Some definitions have been criticized as ignoring issues of power, agency and social justice. In the context of AIDS epidemics, many similarly viewed the notion of ‘coping’ as a cop-out – an escape from the challenge of confronting how people’s capabilities were being stunted (Barnett and Whiteside 2002). Resilience may not even be an appropriate goal if it reinforces an inequitable status quo. It is quite conceivable, moreover, for a household to demonstrate resilience but at a very high cost -- for example, if the maintenance of household food security derives from the hazardous/arduous work of women who become ill or undernourished themselves and/or unable to care for young children whose growth falters.

We therefore need to ask questions about equity, about the cost of resilience, and who pays. We need to consider scale (individual, household, community) and timeline (e.g. does resilience endure?). We are rapidly learning how the COVID-19 pandemic is not only exposing different forms of inequity but also amplifying them. Individuals who pay the highest price for national resilience are often front-line health and social care workers who -- day after day, separated from their own families for weeks on end -- put their lives at risk to keep people alive. The AIDS epidemic also spread along societal fault lines, widening them in the process (Barnett and Whiteside 2002).

An important conceptual step forward was taken by Bene et al. (2014) when they incorporated power and agency into a broader definition of resilience. Beyond the capacity to cope, they highlight the capacity to adapt, and even to transform as being encapsulated within a spectrum of resilience. The ability to absorb a shock (cope) ensures stability, which in turn provides the potential for incremental adjustments (adaptation) and even transformational change in this more inclusive framing. In practical terms, in the face of COVID-19, for example, a regular cash transfer to poor households could ensure stability, raise risk horizons and potentially open up more livelihood options and space for innovation (Gilligan 2020).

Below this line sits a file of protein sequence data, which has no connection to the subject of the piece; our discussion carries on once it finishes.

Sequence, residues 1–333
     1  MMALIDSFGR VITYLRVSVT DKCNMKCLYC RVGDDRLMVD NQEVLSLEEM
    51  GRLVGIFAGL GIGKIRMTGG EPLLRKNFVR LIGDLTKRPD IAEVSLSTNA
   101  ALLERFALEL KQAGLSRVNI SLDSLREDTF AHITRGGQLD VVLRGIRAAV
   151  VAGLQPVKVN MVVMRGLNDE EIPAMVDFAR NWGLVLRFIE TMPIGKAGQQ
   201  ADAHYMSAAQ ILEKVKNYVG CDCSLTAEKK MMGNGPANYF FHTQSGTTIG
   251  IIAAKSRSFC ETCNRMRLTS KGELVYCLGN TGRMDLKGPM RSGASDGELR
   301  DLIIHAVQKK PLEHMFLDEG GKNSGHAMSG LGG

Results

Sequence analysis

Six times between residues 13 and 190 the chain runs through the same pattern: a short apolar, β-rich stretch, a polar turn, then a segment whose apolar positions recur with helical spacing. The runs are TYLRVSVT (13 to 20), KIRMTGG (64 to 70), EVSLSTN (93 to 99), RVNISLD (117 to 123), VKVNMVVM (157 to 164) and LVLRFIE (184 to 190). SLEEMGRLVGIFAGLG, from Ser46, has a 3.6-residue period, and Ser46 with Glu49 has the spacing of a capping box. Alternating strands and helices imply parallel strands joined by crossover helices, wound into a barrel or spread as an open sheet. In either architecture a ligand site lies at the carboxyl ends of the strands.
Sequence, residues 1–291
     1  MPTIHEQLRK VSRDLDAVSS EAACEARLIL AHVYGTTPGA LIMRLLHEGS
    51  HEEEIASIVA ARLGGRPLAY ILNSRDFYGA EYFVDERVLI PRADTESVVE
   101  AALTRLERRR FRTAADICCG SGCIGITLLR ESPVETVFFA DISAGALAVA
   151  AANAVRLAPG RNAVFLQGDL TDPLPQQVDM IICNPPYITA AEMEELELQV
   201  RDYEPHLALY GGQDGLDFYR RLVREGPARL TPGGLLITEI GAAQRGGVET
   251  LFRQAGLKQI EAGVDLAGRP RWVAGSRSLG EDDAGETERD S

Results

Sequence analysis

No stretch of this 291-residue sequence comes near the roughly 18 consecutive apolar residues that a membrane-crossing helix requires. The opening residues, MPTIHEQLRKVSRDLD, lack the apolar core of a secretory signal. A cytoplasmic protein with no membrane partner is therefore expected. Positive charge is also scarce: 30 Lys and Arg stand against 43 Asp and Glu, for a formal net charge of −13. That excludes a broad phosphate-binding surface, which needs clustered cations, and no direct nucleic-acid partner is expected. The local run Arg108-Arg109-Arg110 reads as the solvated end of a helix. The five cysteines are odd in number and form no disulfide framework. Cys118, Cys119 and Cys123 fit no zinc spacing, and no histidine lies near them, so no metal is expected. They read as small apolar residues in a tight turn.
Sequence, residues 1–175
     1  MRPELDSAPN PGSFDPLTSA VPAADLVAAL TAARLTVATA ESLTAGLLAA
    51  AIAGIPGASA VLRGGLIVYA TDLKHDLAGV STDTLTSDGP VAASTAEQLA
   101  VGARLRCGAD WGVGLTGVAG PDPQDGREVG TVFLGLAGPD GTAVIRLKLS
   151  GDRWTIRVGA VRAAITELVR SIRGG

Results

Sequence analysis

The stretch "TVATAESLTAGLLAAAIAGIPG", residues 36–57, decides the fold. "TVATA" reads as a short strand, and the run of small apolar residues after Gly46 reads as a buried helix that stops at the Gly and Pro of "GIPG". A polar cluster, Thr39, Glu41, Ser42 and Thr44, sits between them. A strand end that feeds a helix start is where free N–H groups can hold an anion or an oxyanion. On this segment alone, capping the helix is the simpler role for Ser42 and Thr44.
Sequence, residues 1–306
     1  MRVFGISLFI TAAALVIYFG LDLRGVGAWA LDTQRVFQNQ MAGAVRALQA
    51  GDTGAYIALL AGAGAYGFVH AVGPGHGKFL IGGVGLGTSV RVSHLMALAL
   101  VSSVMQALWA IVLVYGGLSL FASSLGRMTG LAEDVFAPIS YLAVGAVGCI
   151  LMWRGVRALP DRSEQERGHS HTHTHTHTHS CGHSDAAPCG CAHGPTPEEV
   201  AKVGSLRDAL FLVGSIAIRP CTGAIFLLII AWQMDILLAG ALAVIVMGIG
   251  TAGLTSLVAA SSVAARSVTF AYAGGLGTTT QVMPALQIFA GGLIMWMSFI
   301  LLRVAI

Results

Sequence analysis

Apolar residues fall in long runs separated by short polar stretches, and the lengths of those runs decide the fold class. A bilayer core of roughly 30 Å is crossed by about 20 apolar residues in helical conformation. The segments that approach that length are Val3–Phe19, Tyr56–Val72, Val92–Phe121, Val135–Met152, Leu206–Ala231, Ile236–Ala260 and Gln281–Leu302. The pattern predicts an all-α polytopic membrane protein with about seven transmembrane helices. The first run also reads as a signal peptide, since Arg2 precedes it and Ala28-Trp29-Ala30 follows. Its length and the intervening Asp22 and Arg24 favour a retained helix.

This could apply to households and communities -- and it could apply it to health and food systems. Systems-thinking helps us break out of sectoral silos, but we need to retain a wide-angled lens to see the connections between systems. We can, for example, see how certain food systems in which wild animals, domestic animals and humans are in close proximity in wet markets may be vulnerable to zoonotic emergence (Bett et al. 2020). The SARS-COV-2 virus first crossed species and now it has cut across entire systems. Emerging from a food system, it has gone on to overwhelm health systems, and to undermine global economic systems in a way that’s not been seen for more than a century.

Just as systems interact, so can epidemics. ‘Syndemics’ are synergistic epidemics that overlap in time and space, interact with each other, and share common underlying drivers. The 2019 Lancet Commission report on the global syndemic of obesity, undernutrition and climate change described these interactions in depth (Swinburn et al. 2019). The COVID-19 pandemic is a new addition to the mix – a short-wave shock that overlaps and interacts with these three long-wave crises. Take obesity for example – we know that the obesity epidemic is being driven, in part, by the accessibility and affordability of ultra-processed foods and beverages -- the ‘obesogenic environment’ (Rauber et al. 2020; Tan et al. 2020). Evidence is also mounting on how obesity confers a greater risk of poor outcomes of COVID-19 disease, including death (Docherty et al. 2020). Compounding this, lockdowns are contributing to a rise in obesity due to reduced physical activity and difficulties in sourcing a healthy diet – especially among the poorest households (Pietrobelli et al. 2020).

In sum, resilience can be a useful common goal across sectors and systems -- so long as it is treated comprehensively, and so long as it includes an analysis of agency and equity. It is possible to strive for resilience and to pave the way for transformation into a more sustainable, more equitable future. These two goals are not mutually exclusive. But it will require actions that seek to progressively strengthen all three resilience capacities (absorptive, adaptive and transformative) at multiple levels (individual, household, community).